We all know we should be getting to sleep earlier than we do. (Skimping on sleep, not only makes you feel sluggish the next day, it can also increase your risk for heart disease, depression and high blood pressure—just to name a few risk factors.) Now recent studies are showing that we would also benefit from turning the clock forward when it comes to dinner. Of course, you save money by going for the early-bird special; but here are three more healthy reasons why an early dinner is a good idea.
—Gretel H. Schueller, Contributing Writer
Mice who eat an early dinner and then fast for 16 hours are slimmer than those who eat the same amount of calories, but snack around the clock, according to a study in Cell Metabolism. Researchers suspect that the longer lapse between meals allows the body to process the food more efficiently. They noticed that even mice fed a high-fat diet gained less weight when they fasted for 16 hours than those who eat more frequently. Good news for mice—and perhaps just another reason for us to say goodbye to late-night meals and snacks.
Avoid large meals late at night. According to the National Institutes of Health, late-night meals can cause indigestion that interferes with sleep. The same goes for alcohol. While a nightcap might help you relax before bed and initially fall asleep, drinking as little as two alcoholic drinks actually robs you of deep sleep and REM sleep, which means you wake up more frequently. Alcohol-related sleep disturbances are worse for women, say researchers at the University of Michigan.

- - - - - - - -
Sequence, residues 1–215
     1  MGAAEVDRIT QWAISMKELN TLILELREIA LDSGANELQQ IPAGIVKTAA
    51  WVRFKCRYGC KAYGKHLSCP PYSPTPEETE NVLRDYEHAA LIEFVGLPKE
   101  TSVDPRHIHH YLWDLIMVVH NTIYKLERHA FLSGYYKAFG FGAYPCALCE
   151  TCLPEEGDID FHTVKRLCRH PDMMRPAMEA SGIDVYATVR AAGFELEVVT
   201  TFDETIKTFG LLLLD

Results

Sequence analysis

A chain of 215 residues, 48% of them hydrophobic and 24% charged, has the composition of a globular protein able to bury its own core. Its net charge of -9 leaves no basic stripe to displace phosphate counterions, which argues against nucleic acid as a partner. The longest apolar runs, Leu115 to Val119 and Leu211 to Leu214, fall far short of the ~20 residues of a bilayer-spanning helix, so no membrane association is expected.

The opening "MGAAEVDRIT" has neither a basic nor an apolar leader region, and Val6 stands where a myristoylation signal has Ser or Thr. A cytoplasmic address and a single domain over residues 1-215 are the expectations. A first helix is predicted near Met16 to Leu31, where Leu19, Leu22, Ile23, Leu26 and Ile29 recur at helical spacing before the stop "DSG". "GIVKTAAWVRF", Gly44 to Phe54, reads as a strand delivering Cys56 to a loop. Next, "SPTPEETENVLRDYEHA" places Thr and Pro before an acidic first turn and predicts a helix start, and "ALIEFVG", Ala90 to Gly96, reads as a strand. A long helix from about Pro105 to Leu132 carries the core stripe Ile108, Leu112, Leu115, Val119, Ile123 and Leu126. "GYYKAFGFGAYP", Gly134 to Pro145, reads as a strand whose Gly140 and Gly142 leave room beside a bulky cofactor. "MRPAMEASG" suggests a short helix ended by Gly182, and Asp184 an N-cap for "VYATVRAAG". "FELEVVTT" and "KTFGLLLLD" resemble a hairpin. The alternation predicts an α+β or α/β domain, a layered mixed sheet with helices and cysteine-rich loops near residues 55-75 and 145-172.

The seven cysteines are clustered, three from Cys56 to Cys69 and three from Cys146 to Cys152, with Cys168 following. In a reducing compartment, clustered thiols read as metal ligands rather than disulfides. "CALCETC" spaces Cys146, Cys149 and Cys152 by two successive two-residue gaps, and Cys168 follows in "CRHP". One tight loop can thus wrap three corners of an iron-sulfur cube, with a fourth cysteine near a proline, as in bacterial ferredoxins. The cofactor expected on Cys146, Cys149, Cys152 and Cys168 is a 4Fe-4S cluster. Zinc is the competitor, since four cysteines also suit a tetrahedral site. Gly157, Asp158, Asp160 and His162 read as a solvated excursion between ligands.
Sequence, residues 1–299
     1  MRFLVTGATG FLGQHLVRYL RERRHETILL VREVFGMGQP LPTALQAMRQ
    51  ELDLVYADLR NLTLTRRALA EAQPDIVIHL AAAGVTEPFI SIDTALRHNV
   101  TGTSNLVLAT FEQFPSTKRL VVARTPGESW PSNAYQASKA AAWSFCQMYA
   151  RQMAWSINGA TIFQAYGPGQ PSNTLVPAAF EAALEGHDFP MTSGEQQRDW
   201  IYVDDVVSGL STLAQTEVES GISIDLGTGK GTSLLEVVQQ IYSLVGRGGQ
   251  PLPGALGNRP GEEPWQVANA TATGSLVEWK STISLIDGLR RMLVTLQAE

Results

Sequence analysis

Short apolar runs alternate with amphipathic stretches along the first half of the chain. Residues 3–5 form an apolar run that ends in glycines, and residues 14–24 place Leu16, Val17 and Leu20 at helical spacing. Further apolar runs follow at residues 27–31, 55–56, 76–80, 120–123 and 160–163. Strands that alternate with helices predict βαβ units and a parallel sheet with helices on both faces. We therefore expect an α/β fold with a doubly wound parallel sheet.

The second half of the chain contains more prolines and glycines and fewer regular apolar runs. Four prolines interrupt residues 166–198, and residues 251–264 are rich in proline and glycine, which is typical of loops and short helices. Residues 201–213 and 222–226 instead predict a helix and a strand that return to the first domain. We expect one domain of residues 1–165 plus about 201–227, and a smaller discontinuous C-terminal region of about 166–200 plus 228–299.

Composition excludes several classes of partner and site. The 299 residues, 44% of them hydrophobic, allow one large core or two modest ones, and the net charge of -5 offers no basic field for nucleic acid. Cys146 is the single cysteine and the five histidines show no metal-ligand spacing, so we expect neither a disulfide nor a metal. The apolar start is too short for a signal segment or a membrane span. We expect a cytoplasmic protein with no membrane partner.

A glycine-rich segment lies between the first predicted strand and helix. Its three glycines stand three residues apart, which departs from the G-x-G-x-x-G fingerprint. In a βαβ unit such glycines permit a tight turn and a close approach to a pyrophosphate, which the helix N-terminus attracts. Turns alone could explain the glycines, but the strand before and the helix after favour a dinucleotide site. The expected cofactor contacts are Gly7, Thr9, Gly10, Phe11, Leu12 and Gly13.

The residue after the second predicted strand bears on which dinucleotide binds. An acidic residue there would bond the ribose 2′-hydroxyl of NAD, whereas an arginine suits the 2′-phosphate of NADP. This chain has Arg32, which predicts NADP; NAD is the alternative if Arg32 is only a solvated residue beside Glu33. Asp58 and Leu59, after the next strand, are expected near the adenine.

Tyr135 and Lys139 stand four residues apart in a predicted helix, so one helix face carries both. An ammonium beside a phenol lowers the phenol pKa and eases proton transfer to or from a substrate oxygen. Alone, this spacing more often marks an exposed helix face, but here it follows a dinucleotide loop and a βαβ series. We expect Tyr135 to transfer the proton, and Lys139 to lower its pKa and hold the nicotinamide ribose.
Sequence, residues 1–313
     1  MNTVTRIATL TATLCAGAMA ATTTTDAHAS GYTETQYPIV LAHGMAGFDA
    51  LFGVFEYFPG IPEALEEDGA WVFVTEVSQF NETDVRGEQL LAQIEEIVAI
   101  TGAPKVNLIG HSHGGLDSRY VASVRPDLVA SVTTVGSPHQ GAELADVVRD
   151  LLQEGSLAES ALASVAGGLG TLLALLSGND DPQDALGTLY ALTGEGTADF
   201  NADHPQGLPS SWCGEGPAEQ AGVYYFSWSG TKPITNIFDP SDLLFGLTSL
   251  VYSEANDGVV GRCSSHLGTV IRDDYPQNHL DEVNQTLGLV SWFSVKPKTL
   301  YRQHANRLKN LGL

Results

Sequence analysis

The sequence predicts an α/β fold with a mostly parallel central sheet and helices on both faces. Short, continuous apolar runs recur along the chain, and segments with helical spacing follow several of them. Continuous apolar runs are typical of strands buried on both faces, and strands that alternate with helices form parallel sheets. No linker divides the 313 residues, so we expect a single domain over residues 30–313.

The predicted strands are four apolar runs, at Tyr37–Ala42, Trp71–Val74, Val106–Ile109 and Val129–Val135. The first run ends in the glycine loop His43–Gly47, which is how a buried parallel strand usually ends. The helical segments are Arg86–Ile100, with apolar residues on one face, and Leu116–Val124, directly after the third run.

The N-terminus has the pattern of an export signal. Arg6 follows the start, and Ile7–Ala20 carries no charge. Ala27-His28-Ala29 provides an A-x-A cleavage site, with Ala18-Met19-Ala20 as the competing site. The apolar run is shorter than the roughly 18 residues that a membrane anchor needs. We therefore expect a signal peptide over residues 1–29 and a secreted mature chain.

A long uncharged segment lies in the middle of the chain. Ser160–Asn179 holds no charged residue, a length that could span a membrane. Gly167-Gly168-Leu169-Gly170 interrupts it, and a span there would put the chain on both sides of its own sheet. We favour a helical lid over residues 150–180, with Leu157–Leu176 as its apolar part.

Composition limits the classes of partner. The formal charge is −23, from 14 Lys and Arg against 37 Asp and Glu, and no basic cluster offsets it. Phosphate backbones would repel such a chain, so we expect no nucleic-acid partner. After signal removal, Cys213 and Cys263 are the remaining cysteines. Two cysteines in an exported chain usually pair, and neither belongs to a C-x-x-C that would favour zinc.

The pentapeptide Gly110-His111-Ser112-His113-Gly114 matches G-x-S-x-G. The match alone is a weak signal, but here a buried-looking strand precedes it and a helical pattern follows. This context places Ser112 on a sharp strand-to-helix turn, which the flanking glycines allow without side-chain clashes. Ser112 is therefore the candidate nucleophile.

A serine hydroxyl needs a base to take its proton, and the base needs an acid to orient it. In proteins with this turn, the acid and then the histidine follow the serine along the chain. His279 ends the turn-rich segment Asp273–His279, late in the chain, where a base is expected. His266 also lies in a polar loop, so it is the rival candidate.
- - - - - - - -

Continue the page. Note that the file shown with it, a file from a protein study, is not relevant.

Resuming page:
According to Dr. Louis J. Aronne, Director of the Weight Control Program at Weill Cornell Medical College-New York Presbyterian Hospital, people who eat late at night tend to eat more. In addition, studies show that late-night noshing increases triglyceride levels, a type of fat found in your blood. When you eat, your body converts any calories it doesn't use right away into triglycerides; and high levels may increase your risk of heart attack and stroke.